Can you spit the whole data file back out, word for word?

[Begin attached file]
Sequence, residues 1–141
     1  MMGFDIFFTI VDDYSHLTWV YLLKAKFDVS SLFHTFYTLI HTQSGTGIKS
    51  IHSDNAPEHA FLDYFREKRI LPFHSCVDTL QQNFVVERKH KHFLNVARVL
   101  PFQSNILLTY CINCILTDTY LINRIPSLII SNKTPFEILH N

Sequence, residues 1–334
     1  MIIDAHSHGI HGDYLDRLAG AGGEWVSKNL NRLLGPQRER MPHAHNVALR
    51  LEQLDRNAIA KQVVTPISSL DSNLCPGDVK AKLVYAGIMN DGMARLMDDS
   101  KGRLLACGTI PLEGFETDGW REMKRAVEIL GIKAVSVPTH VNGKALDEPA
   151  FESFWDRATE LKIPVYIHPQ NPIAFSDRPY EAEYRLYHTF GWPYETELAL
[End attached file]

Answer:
Sequence, residues 1–141
     1  MMGFDIFFTI VDDYSHLTWV YLLKAKFDVS SLFHTFYTLI HTQSGTGIKS
    51  IHSDNAPEHA FLDYFREKRI LPFHSCVDTL QQNFVVERKH KHFLNVARVL
   101  PFQSNILLTY CINCILTDTY LINRIPSLII SNKTPFEILH N

Sequence, residues 1–334
     1  MIIDAHSHGI HGDYLDRLAG AGGEWVSKNL NRLLGPQRER MPHAHNVALR
    51  LEQLDRNAIA KQVVTPISSL DSNLCPGDVK AKLVYAGIMN DGMARLMDDS
   101  KGRLLACGTI PLEGFETDGW REMKRAVEIL GIKAVSVPTH VNGKALDEPA
   151  FESFWDRATE LKIPVYIHPQ NPIAFSDRPY EAEYRLYHTF GWPYETELAL